Surely You're Joking, Mr Feynman!: Adventures of a Curious Character

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Turtleback Books, Apr 1, 1997 - Biography & Autobiography - 350 pages
1110 Reviews
In this phenomenal bestseller, Nobel Prize-winning physicist Richard P. Feynman recounts his adventures trading ideas on atomic physics with Einstein and Bohr and ideas on gambling with Nick the Greek, painting a naked female toreador, accompanying a ballet on his bongo drums--and much else of an eyebrow-raising and hilarious nature. Photos.

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Smart, yet funny and easy to read. - Goodreads
Several people thought that the writing was weak. - Goodreads
This book is fun and offers some good insights. - Goodreads
One of my favorite educational characters. - Goodreads
Entertaining intro to the man and his passions - Goodreads
Great insight into a great mind, and how he thought. - Goodreads

Review: Surely You're Joking, Mr. Feynman!: Adventures of a Curious Character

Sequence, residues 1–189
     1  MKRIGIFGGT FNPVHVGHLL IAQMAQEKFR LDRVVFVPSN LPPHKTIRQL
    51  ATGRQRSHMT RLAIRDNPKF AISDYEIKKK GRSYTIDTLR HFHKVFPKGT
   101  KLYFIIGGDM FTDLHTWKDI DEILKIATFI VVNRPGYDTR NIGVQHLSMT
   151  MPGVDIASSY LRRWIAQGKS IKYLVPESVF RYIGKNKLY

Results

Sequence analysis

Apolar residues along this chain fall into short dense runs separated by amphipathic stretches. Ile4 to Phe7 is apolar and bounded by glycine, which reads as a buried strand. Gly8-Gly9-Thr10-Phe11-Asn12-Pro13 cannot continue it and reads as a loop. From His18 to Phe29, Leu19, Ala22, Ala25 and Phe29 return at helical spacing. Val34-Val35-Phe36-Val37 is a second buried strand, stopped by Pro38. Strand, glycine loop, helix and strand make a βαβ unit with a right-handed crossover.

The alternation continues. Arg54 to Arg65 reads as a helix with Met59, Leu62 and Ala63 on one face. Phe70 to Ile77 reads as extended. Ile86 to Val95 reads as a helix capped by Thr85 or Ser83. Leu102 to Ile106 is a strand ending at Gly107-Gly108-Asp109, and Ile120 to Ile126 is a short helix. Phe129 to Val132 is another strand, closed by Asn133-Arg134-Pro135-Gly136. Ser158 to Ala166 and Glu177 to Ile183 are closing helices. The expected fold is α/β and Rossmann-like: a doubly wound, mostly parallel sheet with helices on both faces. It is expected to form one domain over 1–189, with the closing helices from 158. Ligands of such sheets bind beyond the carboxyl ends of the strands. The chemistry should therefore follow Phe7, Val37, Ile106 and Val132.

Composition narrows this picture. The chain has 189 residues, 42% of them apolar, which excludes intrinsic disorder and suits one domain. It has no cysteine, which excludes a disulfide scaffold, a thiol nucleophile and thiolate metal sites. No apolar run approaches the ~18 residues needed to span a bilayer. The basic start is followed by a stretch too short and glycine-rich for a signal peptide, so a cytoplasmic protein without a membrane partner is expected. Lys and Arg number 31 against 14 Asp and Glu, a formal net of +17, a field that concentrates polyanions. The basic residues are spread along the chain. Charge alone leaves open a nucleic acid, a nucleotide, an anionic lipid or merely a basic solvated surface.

User Review  - Kaili Zhou - Goodreads

Fun and unique stories from a legendary character in science, but an even more interesting person. Read full review

Review: Surely You're Joking, Mr. Feynman!: Adventures of a Curious Character

User Review  - Vijaysrj - Goodreads

Very funny and inspiring. Feyman's curiosity in subjects other than are very interestesting too. Definitely a must read for anyone curious to read an inspiring book. Read full review

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About the author (1997)

Richard Feynman, an American theoretical physicist, received his Ph.D. from Princeton University in 1942 and worked at Los Alamos, New Mexico, on the atomic bomb during World War II. From 1945 to 1950, he taught at Cornell University and became professor of theoretical physics at the California Institute of Technology in 1950. Feynman made important contributions to quantum electrodynamics (QED) and electromagnetic interactions, such as interactions among electrons. In Feynman's approach, interactions are considered exchanges of virtual particles. For example, Feynman explained the interaction of two electrons as an exchange of virtual photons. Feynman's theory has proved to be accurate in its predictions. In 1965 the Nobel Prize for physics was awarded to three pioneers in quantum electrodynamics: Feynman, Julian Schwinger, and Sin-Itiro Tomonaga. Feynman was an outspoken critic of NASA for its failure to notice flaws in the design of the Challenger space shuttle, which resulted in its tragic explosion.

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